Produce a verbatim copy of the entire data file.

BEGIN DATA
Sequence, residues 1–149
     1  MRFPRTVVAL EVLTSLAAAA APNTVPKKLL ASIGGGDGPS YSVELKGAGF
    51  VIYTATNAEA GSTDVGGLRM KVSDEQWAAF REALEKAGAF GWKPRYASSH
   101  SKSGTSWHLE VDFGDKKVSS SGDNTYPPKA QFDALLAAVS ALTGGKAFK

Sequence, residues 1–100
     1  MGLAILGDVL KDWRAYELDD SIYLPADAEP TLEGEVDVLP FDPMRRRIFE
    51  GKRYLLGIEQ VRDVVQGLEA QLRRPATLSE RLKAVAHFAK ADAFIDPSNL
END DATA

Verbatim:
Sequence, residues 1–149
     1  MRFPRTVVAL EVLTSLAAAA APNTVPKKLL ASIGGGDGPS YSVELKGAGF
    51  VIYTATNAEA GSTDVGGLRM KVSDEQWAAF REALEKAGAF GWKPRYASSH
   101  SKSGTSWHLE VDFGDKKVSS SGDNTYPPKA QFDALLAAVS ALTGGKAFK

Sequence, residues 1–100
     1  MGLAILGDVL KDWRAYELDD SIYLPADAEP TLEGEVDVLP FDPMRRRIFE
    51  GKRYLLGIEQ VRDVVQGLEA QLRRPATLSE RLKAVAHFAK ADAFIDPSNL